Why do you think people stay in mediocre relationships? What advice would you give to our readers regarding this?

I think there are many reasons why people stay in relationships that one might consider mediocre. There is the hope things will change or go back to a way they once were, love the person and lack the skills or support to increase connection and mutually get their needs met, feel shame around a commitment and it not working out, or feel like it’s too late or might be impossible to find something that is meaningful. It’s hard to be vulnerable enough to say this isn’t working out for me anymore, it takes so much courage to make a change even when there are clear reasons why you think one “should.” You need to decide what does or does not work for you, not in the context of what you think you “should” do or what you would think others would “think” was right or wrong, but what truly works for you.

When we talk about self-love and understanding we don’t necessarily mean blindly loving and accepting ourselves the way we are. Many times self-understanding requires us to reflect and ask ourselves the tough questions, to realize perhaps where we need to make changes in ourselves to be better not only for ourselves but our relationships. What are some of those tough questions that will cut through the safe space of comfort we like to maintain, that our readers might want to ask themselves? Can you share an example of a time that you had to reflect and realize how you needed to make changes?

I think it’s important to ask ourselves what we are bringing to a dynamic and have the courage to look at what we could do better. We do that by seeking to understand the reflections, needs and complaints of our partner. We listen and try to see their perspective before hearing and preparing our defense. We come from a place of being generous with our assumptions of the other person and courageous enough to be vulnerable and imperfect. What are common themes that come up in your disagreements or conflict with your partner, friends or colleagues? What are areas of your relationship where you could be better, do better or be more generous? Are you truly listening and connecting with what you need in your relationship? How about your partner’s needs? Are you setting boundaries of your own? Why are they important to you? Are you respecting the boundaries others are setting with you? Are you open to feedback from others? Are really listening to them? What is the need your partner is expressing? Can you meet somewhere in the middle? Are saying what you mean and being clear about your expectations?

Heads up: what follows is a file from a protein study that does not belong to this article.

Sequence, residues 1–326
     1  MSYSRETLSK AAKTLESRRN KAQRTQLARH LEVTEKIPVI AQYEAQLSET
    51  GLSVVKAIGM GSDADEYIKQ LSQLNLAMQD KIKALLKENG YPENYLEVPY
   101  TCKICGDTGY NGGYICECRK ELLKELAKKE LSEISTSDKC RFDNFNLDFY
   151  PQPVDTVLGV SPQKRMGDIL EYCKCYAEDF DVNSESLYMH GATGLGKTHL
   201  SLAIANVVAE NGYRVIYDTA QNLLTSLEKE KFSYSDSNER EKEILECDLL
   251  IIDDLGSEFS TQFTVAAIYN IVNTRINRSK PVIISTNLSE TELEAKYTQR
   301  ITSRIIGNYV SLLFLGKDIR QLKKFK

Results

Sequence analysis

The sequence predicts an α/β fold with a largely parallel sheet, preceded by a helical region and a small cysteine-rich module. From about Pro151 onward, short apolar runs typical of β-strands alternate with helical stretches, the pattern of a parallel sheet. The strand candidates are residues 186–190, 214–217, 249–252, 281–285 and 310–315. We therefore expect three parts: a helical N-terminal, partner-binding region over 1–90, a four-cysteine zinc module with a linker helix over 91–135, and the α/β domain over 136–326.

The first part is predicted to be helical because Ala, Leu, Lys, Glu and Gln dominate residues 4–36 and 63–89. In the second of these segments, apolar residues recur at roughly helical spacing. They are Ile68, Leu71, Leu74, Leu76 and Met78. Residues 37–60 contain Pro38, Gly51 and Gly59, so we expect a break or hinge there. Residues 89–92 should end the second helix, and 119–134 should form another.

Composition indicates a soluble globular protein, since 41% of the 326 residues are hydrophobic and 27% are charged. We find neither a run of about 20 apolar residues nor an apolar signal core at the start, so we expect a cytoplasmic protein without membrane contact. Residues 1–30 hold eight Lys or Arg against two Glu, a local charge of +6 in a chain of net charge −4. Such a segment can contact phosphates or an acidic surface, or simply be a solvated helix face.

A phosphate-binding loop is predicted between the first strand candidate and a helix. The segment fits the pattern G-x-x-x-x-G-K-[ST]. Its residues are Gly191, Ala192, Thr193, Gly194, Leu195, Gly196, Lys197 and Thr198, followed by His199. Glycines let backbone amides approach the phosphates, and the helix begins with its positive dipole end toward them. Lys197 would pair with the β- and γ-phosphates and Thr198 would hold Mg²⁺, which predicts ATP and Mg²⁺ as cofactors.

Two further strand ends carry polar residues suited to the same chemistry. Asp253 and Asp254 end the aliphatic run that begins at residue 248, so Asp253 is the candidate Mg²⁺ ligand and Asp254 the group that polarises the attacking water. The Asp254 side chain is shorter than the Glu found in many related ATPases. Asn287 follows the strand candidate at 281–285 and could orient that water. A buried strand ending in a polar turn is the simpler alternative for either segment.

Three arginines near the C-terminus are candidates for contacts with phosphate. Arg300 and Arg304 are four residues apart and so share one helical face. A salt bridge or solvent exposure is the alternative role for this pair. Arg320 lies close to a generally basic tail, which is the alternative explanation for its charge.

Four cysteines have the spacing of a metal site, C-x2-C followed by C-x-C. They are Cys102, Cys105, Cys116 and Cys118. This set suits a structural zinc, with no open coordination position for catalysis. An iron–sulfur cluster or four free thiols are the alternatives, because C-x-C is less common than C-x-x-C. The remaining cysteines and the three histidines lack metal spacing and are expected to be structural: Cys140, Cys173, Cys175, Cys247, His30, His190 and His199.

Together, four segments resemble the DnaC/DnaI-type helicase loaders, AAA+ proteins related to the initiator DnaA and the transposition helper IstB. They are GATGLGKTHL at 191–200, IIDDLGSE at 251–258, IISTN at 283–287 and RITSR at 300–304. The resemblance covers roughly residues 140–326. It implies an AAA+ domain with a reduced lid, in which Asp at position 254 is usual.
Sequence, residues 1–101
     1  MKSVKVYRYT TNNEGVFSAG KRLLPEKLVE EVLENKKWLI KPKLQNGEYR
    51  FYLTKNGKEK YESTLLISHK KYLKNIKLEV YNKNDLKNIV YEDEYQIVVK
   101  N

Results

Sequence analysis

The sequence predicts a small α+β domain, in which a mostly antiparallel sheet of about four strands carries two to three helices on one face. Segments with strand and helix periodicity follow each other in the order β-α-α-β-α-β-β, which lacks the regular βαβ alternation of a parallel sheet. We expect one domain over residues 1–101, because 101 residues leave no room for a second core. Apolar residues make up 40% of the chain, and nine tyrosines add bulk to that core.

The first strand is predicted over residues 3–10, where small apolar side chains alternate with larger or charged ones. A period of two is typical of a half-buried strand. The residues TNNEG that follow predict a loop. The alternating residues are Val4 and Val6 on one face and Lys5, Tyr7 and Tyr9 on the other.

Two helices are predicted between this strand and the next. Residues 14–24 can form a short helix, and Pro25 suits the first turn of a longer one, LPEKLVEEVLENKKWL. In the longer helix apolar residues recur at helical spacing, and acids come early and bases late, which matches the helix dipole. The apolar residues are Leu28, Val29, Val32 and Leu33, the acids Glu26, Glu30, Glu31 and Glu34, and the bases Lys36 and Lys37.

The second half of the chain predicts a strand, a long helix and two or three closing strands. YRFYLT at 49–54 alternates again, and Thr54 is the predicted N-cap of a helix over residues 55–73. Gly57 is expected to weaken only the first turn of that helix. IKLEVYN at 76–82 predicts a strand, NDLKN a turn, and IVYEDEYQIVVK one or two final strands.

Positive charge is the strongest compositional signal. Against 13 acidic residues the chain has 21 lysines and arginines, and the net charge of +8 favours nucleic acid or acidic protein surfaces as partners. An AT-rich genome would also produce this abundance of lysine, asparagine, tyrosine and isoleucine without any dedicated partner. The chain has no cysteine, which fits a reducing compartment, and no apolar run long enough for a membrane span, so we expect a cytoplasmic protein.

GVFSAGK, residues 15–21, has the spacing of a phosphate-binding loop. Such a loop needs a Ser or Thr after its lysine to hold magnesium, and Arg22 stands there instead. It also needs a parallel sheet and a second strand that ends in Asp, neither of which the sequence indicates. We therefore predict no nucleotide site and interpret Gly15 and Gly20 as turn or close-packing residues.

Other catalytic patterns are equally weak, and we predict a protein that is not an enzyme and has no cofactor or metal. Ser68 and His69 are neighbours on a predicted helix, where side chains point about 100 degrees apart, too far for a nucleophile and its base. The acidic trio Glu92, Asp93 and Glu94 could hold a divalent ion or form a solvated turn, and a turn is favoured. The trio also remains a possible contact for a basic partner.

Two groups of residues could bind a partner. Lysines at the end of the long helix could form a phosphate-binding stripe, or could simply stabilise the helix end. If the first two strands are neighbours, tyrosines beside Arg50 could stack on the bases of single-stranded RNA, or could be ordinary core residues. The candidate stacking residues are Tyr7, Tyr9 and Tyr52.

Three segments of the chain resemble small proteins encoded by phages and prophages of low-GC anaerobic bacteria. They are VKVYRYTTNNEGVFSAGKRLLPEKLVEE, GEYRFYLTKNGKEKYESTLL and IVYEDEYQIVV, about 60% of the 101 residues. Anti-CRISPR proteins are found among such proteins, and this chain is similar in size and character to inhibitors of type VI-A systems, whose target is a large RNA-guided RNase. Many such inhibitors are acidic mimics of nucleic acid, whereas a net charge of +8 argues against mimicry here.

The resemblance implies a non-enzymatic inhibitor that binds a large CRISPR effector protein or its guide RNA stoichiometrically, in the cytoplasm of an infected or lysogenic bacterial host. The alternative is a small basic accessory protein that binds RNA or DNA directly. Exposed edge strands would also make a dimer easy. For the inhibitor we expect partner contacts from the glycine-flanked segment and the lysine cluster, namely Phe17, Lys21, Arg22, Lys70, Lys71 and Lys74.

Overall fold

So many don’t really know how to be alone, or are afraid of it. How important is it for us to have, and practice, that capacity to truly be with ourselves and be alone (literally or metaphorically)?

I think the capacity to be alone (literally and metaphorically) is sometimes difficult for people because it creates the space for rumination, shame and negative thought spirals to creep in. Learning to cope and move through all of that is learning how to be more shame resilient and therefore more able to cope with being alone. Accepting our imperfections and celebrating and honoring our own needs is important. There also seems to be a negative connotation with time spent alone. Spending time alone can be empowering, restorative and allow us the opportunity to check in with ourselves and use the information that comes up for us as an opportunity for self-reflection and to get curious about what this means to us.

How does achieving a certain level of self-understanding and self-love then affect your ability to connect with and deepen your relationships with others?